The Long-Term Effects of Hedge Fund Activism
We test the empirical validity of a claim that has been playing a central role in debates on corporate governance—the claim that interventions by activist hedge funds have a negative effect on the long-term shareholder value and corporate performance. We subject this claim to a comprehensive empirical investigation, examining a long five-year window following activist interventions, and we find that the claim is not supported by the data.
We find no evidence that activist interventions, including the investment-limiting and adversarial interventions that are most resisted and criticized, are followed by short-term gains in performance that come at the expense of long-term performance. We also find no evidence that the initial positive stock-price spike accompanying activist interventions tends to be followed by negative abnormal returns in the long term; to the contrary, the evidence is consistent with the initial spike reflecting correctly the intervention’s long-term consequences. Similarly, we find no evidence for pump-and-dump patterns in which the exit of an activist is followed by abnormal long-term negative returns. Our findings have significant implications for ongoing policy debates.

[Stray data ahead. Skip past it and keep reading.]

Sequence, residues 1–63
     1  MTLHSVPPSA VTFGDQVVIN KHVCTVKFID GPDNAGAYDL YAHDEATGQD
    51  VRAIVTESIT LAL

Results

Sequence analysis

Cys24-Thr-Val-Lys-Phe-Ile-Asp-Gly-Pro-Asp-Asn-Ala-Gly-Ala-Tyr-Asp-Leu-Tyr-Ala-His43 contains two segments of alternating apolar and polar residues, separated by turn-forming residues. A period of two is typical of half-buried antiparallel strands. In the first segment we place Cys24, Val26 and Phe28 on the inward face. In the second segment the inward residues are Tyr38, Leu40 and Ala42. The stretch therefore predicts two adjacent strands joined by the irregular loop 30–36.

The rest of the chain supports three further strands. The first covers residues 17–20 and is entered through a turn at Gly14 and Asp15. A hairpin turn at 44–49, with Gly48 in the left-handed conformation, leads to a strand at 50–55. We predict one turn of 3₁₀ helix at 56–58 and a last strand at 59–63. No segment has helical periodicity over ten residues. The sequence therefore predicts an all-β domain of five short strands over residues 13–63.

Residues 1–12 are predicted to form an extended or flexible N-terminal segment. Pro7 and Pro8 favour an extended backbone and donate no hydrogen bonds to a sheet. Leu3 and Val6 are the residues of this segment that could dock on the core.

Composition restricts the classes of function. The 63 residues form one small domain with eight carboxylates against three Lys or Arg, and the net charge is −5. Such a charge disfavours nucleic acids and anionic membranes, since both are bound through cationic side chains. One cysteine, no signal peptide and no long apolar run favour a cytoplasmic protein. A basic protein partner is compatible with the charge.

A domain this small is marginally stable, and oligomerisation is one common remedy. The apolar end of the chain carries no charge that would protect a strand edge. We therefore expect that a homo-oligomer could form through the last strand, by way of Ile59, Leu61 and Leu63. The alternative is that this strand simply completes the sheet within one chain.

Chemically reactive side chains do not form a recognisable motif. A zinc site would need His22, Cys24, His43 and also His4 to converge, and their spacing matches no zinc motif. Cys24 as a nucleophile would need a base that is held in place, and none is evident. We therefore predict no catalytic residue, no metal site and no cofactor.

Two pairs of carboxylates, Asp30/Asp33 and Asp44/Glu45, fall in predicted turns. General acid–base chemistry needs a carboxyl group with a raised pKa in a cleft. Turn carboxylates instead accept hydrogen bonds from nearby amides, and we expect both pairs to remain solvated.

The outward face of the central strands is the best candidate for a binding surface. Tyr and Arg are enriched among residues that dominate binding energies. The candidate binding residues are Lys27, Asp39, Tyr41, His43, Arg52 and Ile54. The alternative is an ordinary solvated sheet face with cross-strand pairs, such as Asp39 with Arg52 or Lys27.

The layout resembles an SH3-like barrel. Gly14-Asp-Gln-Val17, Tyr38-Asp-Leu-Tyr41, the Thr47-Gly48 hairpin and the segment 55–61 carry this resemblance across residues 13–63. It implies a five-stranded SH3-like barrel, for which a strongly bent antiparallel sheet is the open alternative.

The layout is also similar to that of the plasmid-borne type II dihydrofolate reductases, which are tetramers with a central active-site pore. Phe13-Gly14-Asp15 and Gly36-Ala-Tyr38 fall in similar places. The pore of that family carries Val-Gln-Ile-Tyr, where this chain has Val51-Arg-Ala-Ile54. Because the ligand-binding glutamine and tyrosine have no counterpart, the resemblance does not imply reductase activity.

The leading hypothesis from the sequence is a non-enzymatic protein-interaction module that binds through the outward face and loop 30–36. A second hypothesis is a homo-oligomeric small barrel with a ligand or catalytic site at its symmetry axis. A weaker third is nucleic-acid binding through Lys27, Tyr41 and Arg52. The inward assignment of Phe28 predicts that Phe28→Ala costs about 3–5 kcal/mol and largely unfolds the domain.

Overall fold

We wish to thank Kobi Kastiel, Bryan Oh, Heqing Zhu, and especially Danqing Mei for their invaluable research assistance. We also benefitted from conversations with and comments from Yakov Amihud, Allen Ferrell, Jesse Fried, Robert Jackson, Louis Kaplow, Mark Roe, Steven Shavell, Andrew Weiss, and workshop and conference participants at Harvard, Columbia, the Harvard Roundtable on Hedge Fund Activism, the Federalist Society Convention, and the Annual IBA International M&A Conference. We received financial support from Harvard Law School, Duke University Fuqua School of Business and Columbia Business School. The views expressed herein are those of the authors and do not necessarily reflect the views of the National Bureau of Economic Research.